We’re a long way from the first Barbie doll in 1959. She was clad in a one-piece bathing suit, hugging a Jessica Rabbit hourglass figure–the desired body of the day, curated by a corset. Despite her perfect body, Barbie looked dissatisfied and carried a blasé bearing. The trends would change the next year and the year after that but the mission was always the same: represent the Western beauty standard of the day. Her clothes were different but her face never changed; the dolls that were supposed to represent all women were carbon copies.
Even when Mattel ventured to create the first black Barbie in 1980, there was no facial variety. That Barbie doll bore the same features as her counterparts, just with tan skin. Sold to children everywhere, these dolls left them aspiring to be the impossible. However, if Barbie today is any indication of media perception and evolution, things are certainly changing.
In honor of International Women’s Day and Women’s History Month, Mattel has released three dolls for their “Inspiring Women” collection. While the company hasn’t said when, the dolls will be mass produced and sold in stores, HuffPost reports. If you were unable to get those Gabby Douglas and Ava DuVernay dolls, this might be your chance.
The collection includes the likes of Amelia Earhart, Katherine Johnson and Frida Kahlo. The women come from different walks of life and were selected due to their influence. Earhart was the first female pilot to soar across the Atlantic Ocean, Johnson was a NASA Mathematician, and Kahlo – who just had a street named after her – was a post-revolutionary feminist artist. This set of dolls have the variety that was once missing. While Kahlo’s doll is not entirely representative of her, Johnson worked with Mattel to see to it that the doll looked like her.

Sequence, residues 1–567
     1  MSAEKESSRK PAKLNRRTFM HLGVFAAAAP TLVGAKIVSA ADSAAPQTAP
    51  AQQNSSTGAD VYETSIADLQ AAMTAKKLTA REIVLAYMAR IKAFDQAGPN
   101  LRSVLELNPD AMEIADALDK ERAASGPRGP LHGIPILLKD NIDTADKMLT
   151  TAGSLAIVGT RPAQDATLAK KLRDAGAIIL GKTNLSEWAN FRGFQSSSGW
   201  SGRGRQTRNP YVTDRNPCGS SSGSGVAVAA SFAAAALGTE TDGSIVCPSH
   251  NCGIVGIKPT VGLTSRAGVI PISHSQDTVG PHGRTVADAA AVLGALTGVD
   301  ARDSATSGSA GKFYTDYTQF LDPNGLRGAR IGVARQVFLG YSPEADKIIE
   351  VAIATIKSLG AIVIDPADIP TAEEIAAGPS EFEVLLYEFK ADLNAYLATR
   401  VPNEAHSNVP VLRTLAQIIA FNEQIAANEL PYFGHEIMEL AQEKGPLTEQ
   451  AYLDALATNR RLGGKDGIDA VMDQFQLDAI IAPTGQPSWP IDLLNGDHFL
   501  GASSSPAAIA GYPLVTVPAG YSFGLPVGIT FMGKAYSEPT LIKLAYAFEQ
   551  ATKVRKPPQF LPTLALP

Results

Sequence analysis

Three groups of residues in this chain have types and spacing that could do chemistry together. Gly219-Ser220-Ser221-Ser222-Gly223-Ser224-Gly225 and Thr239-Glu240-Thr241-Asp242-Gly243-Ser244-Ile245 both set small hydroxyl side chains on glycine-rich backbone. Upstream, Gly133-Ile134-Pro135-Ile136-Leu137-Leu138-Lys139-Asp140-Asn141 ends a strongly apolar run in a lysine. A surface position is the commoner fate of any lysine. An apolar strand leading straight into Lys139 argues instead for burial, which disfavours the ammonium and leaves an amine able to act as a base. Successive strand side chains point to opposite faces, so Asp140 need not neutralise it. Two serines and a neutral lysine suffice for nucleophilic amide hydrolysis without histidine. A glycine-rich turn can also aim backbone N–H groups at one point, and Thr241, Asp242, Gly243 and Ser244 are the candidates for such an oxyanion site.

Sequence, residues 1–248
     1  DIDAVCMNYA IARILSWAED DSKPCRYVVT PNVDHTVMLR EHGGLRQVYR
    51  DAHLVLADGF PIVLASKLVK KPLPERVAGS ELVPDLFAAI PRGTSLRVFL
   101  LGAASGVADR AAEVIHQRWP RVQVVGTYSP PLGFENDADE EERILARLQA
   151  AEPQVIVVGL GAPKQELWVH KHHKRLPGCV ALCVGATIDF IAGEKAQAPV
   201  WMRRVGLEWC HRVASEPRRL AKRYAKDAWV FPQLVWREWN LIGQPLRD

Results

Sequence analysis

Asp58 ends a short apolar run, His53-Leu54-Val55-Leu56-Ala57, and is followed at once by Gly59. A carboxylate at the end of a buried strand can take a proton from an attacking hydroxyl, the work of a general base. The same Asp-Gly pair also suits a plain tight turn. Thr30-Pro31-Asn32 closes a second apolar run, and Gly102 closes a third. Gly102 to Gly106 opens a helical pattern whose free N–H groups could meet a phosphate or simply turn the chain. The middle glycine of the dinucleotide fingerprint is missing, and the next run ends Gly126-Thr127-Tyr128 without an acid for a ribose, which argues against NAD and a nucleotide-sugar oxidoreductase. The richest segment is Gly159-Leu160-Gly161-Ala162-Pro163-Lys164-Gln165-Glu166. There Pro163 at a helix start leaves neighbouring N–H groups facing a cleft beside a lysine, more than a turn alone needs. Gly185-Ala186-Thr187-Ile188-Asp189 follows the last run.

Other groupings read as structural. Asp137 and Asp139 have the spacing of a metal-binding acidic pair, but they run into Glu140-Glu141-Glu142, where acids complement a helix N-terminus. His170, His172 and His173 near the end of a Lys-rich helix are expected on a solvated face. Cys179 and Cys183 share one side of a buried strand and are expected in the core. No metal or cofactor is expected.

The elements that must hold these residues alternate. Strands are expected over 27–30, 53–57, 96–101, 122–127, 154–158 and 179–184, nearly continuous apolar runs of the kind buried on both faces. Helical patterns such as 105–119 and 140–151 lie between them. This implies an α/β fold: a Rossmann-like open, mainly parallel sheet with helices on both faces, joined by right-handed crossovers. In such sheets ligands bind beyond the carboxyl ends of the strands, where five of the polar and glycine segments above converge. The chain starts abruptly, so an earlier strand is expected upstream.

In addition, Barbie’s “Shero” line focuses on life fulfillment, career potential and equalizing. Lisa McKnight, the Senior Vice President and General Manager of Barbie said on Tuesday, “As a brand that inspires the limitless potential in girls, Barbie will be honoring its largest line up of role models timed to International Women’s Day, because we know that you can’t be what you can’t see.” Outside of racial and regional representation across the board, the collection will appeal to a drive for achievement.
The Shero collection will honor 14 global, contemporary role models with dolls such as snowboarding champion Chloe Kim, boxing champion Nicola Adams and prima ballerina Yuan Yuan Tan. These dolls are not meant to be sold. But sometimes they end up on shelves — so look out.
Check out the latest additions here.